- Category: I Want News About Hunger
- Published: Friday, 12 April 2013 20:36
By Ray White, Communications Director
The Arkansas Foodbank, in addition to its humanitarian mission of helping hungry people, is also a business. A non-profit business, but business nonetheless, that cares about fiscal responsibility, growth, accounting, and keeping a sharp eye on the bottom line.
This past year the Foodbank distributed 16,344,860 pounds, up 1,803,436 pounds, a 12% increase over 2011.
That was a strong improvement over the previous year, but still demand outstripped our partner agencies’ ability to supply it. Many of our food pantry partners reported running out of food on distribution days.
More of the food we distributed was healthy produce, 1,781,156 pounds in 2012, up 717,052 pounds from a year before, or a 67% increase. This was due to extra produce received through Feeding America’s Choice program, and produce from the Arkansas Hunger Relief Alliance’s gleaning program, with volunteers picking over fields after the farmer’s mechanical harvesters have done their work. Gleaning topped 1 million pounds for the first time last year.
Another bright spot was the Foodbank’s retail pickup program, in which grocery stores pass on to the Foodbank products they cannot retail. The amount of product received from Retail Pickup for the year was 5,945,184 pounds, up 1,094,748 pounds, or a 23% increase over the previous year. The three retailers that were up the most were Kroger, up 76%, Walmart, up 22%, and Target, up 24%.
Food drives for the year produced 305,520 pounds, up 3,268 for the year and a 1.08% increase over 2011.
One important source of food for food banks are donations of semi-trailer loads of food from food processors and manufacturers. The Foodbank orders from a national online information network that lists loads of available canned goods and other products that are being donated because of overproduction or products nearing their “use by” dates.
Food banks started because pantries were being offered truckloads of food they were unable to accept because of a lack of storage space. A food bank warehouse could take those loads and split them up between various pantries. Today the Arkansas Foodbank uses such economies of scale to provide food to 300 local agencies, as well as the five other Feeding America food banks in Arkansas.
So our Operations Department checks the database and arranges transportation to the Foodbank for loads they see listed online. Your donor dollars help pay to ship that food to the Foodbank so we can distribute it to food pantries and other hunger relief agencies.
But the amount of goods we received from manufacturers and food processors was down last year—2,823,277 pounds, 451,917 pounds less than in 2011, a 13.79% decrease.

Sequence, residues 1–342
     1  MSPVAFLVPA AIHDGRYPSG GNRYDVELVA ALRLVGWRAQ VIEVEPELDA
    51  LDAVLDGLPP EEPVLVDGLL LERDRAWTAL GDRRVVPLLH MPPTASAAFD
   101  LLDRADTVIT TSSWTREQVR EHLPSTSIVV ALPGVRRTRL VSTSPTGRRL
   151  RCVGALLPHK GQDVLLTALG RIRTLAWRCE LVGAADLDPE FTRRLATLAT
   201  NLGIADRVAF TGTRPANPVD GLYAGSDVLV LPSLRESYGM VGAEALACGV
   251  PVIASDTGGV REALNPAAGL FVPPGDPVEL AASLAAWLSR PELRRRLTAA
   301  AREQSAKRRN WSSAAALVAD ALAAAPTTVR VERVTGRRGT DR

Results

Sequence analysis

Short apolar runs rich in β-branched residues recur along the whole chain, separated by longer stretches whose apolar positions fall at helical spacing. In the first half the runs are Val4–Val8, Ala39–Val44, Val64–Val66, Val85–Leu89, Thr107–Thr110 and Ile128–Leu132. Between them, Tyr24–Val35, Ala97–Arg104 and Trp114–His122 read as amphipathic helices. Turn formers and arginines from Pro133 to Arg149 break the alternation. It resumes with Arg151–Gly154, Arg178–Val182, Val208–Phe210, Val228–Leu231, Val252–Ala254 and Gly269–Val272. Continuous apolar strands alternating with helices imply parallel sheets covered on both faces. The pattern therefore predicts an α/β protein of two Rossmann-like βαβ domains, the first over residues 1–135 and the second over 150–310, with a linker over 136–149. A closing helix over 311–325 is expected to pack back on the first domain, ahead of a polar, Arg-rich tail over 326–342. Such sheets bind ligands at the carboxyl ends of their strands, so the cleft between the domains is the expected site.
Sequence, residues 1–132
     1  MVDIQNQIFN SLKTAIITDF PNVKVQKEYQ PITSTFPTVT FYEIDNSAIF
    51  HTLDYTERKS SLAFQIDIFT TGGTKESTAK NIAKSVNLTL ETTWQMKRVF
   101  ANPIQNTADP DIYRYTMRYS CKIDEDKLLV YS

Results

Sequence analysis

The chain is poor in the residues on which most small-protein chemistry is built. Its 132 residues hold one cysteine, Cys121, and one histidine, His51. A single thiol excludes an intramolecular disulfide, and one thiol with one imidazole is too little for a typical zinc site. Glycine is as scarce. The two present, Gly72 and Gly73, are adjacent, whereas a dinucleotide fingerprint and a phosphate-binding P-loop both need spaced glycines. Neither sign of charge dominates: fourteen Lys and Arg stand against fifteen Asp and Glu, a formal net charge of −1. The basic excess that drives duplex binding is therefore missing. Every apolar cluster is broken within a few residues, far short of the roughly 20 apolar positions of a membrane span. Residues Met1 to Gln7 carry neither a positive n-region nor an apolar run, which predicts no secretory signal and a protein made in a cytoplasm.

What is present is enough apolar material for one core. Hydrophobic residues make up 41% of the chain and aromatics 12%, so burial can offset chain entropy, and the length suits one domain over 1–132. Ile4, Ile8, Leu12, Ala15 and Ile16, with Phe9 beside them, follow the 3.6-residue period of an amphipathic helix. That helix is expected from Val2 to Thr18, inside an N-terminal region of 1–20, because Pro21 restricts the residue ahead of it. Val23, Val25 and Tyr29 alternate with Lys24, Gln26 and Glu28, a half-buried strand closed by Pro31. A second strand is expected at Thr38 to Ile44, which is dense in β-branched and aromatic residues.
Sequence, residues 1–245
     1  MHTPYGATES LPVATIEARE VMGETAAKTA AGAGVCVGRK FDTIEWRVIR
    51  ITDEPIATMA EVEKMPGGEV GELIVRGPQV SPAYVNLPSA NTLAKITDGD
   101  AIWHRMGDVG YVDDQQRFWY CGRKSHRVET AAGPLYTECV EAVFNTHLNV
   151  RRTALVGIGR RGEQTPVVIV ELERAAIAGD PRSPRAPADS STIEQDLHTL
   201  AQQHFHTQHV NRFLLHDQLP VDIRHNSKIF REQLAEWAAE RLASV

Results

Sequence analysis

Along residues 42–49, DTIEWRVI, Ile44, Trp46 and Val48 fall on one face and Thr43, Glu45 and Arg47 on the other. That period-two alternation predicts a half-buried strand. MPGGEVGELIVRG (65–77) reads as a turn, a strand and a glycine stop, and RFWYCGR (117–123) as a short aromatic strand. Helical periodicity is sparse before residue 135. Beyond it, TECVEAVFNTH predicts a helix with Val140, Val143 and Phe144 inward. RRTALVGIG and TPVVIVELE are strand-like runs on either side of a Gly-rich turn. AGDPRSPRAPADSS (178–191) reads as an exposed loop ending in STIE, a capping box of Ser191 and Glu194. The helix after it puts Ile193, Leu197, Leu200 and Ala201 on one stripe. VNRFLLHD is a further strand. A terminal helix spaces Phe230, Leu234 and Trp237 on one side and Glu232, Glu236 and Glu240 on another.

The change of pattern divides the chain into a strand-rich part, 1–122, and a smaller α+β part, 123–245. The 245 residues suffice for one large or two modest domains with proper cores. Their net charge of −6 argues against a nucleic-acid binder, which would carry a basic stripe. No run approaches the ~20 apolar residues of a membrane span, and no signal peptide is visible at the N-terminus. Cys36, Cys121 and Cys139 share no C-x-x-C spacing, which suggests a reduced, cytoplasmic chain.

That’s in line with the trend we have seen since the beginning of the recession as businesses became focused on avoiding overproduction and waste. Understandable, but food banks all over the country have scrambled to make up those missing pounds.
Also since the downturn we’ve had to purchase more products. In 2012 we purchased 1,547,006 pounds, up 36,541 pounds or 2.36% over 2011.
In addition to pounds, the Foodbank had other accomplishments.
- Last year we began a great partnership with the Diesel Driving Academy to deliver loads to our Warren branch warehouse. Driver trainees get a “live load” experience and each trip saves the Foodbank several hundred dollars. DDA made 36 deliveries for us, which saved us $16,400 in transportation costs.
- A number we’re proud of is 980—that’s the score the Foodbank facility recevied from AIB, the most respected food warehouse certification agency. That score earned the Foodbank a Superior rating and made us the highest-scoring of Feeding America’s 200 food banks. Credit goes to T.J. Romine, head of operations, and Eric Shelby, facilities manager, for meeting the AIB’s high standards.
- In May the Foodbank opened a new branch warehouse in Caddo Valley near Arkadelphia and began working with area food pantries to increase area food distribution. Having the branch warehouses saves the pantries time and transportation costs since they no longer have to drive to Little Rock to pick up food.
- Another new boon to the Foodbank happened when employees at the L’Oreal manufacturing plant in North Little Rock suggested that the company donate empty boxes created during their shipping operations to the Foodbank. The Foodbank now picks up donated boxes from L’Oreal twice a month as part of L’Oreal’s “Go Green” program.
- The Foodbank relies on volunteers to help inspect, sort and box food for delivery to the pantries and this year was no exception. A total of 3,780 individuals contributed 17,385 hours of work, while 1813 groups contributed 8,734 hours.
- As usual, the Foodbank owes Tom Brannon and KTHV-11, where he is “Morning Show” co-host, a huge debt of gratitude for the annual Today’s THV Summer Cereal Drive, which collected 212,000 boxes of cereal that we distributed to the food pantries.
- And KARK-4, with a week-long telethon for the Foodbank in December, raised more than $50,000, thanks to Jessica Dean, Bob Clausen, Mallory Hardin, Matt Mosler, Wendy Suares, Greg Dee and all the KARK production crew. More than 80 volunteers staffed the phones.
Add it all together and that’s how the Foodbank helps feed so many hungry Arkansans.